Happy Thursday! I cannot wait to put this week to bed.
Those of you who keep up with my Twitter feed know that I write a weekly blog post for the very awesome Whole Living Daily blog. This blog, which is a companion to Whole Living Magazine online, features a slew of daily entries on green living, food, yoga, mindfulness, organization, stress management, and nutrition, all from experts in those fields. It’s updated every few hours, and very fun to read.
My post this week, which you can find here, was on a hot-button topic: orthorexia. I’m sure that you’ve all read plenty about this “new” eating disorder, and most of you probably have opinions on it. I have a great deal to say about it myself; my presentation at the Healthy Living Summit this summer will touch on some of my thoughts, and it will offer practical suggestions for coping with the condition. This post was to-the-point summary of my feelings, so I encourage you to check it out and chime in (here or there) with your feedback!
Let’s get to another topic: shoes. Though it’s often assumed that a young, savvy NYC woman will inevitably love footwear, I don’t fit the bill. If I happen to have some spending money for my closet, I will choose clothes over shoes any day (in part because shoes that don’t fall into the “sensible” category really hurt my footsies). I therefore purchase new shoes only once or twice yearly, and usually out of necessity. Last week, though, I stumbled on an online boutique called Kind, and promptly fell in love with these guys:
They fit like a glove:
In comparison with my habits as an eater, my habits as a shopper fall short of highly evolved consciousness. Here’s a list of things I do at least a few times yearly:
- I purchase mass-produced clothing from giant retailers
- I purchase items made abroad and with unethical labor practices
- I purchase cheap items that are often donated to thrift shops a year later
These aren’t habits I’m proud of, and my discomfort with them is growing.
There are also some things I do right. I do have many sturdy, quality pieces of clothing that have lasted me years; I’ve cared for and cherished the same Theory work pants, for example, for eight years, and I love my favorite jeans so much that I’ll patch and mend them countless times before ever parting with them. My favorite jeans have been in my closet for over a decade now, and still get plenty of wear. I make an effort to support independent boutiques and vintage stores whenever I can. I have boots re-soled each year, rather than throwing them out, and I do try harder than ever to invest in high-quality, timeless garments, rather than throwing away money on trendy and flimsy pieces.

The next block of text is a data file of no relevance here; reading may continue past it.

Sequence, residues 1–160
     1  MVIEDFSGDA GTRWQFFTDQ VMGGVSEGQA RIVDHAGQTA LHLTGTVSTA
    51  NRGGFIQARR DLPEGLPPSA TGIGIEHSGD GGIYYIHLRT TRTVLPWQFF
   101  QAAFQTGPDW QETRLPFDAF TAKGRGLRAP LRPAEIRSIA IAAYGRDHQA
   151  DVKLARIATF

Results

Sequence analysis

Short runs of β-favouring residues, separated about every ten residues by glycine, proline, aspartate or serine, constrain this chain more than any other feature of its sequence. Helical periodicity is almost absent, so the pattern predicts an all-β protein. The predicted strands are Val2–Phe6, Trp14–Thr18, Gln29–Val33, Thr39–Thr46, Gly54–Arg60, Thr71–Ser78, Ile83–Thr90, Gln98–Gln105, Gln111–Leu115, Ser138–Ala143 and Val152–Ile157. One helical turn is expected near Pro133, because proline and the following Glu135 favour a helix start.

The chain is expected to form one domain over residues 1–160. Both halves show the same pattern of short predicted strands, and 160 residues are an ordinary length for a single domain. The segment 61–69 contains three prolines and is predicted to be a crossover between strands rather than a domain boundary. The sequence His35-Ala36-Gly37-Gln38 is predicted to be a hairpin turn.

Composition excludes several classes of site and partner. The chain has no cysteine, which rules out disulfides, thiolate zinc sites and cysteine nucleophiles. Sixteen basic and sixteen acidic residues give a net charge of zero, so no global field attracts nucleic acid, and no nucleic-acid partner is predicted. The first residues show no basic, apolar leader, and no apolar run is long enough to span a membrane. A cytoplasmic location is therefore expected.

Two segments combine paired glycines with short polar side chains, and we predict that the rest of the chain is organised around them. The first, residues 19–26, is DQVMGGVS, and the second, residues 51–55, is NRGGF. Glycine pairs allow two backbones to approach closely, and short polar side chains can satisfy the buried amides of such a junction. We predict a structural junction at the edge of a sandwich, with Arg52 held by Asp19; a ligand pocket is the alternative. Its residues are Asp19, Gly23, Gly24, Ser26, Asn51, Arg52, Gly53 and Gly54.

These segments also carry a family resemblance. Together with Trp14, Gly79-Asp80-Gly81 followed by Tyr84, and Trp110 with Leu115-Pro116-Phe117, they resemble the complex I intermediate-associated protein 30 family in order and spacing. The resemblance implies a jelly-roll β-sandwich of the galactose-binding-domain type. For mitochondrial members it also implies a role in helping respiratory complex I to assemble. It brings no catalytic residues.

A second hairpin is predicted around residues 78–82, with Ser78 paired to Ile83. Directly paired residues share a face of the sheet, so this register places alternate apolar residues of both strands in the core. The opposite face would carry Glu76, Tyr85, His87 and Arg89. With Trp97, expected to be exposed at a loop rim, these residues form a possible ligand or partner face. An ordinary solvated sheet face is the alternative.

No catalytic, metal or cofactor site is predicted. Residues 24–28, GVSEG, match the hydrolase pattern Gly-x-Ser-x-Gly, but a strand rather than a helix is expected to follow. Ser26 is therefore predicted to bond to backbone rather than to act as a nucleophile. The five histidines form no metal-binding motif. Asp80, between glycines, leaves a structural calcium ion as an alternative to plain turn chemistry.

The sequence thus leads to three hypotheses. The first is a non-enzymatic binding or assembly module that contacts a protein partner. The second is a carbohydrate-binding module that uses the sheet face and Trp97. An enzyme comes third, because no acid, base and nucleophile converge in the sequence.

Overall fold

This year, it’s my goal to not only shop more consciously, but also to shop with a stronger vegan ethos. As I’ve mentioned before, finding my way to vegan lifestyle habits has taken me longer than it did to immerse myself in vegan food. But this year, I’ve made an effort never to purchase new leather or down; I do purchase pre-worn items in thrift stores and on eBay (which explains why so many of my shoes are scuffed up, a fact my mother notes with admonition). In the coming year, my goal is to begin supporting more vegan and eco-friendly designers; I want to set an example with what I wear.
I also want to support fledgling vegan designers with my dollar. Take Marais. Their shoes are made in the USA and designed by industrious young women who live locally (right here in Brooklyn). Most of their designs use cloth and faux leather (which means that, though they’re not a fully vegan label, they are offering consumers many vegan options), and they price their shoes at a decent price point. I couldn’t possibly feel better about supporting them.
I’m not a fully enlightened shopper, and there’s much room for improvement. But I’m evolving. And I like it.
I encourage you to check out Marais and other independent vegan designers. Tell me what you find! And tell me more about your shopping habits. How would you describe your “consciousness” as a shopper?
Have a great day!!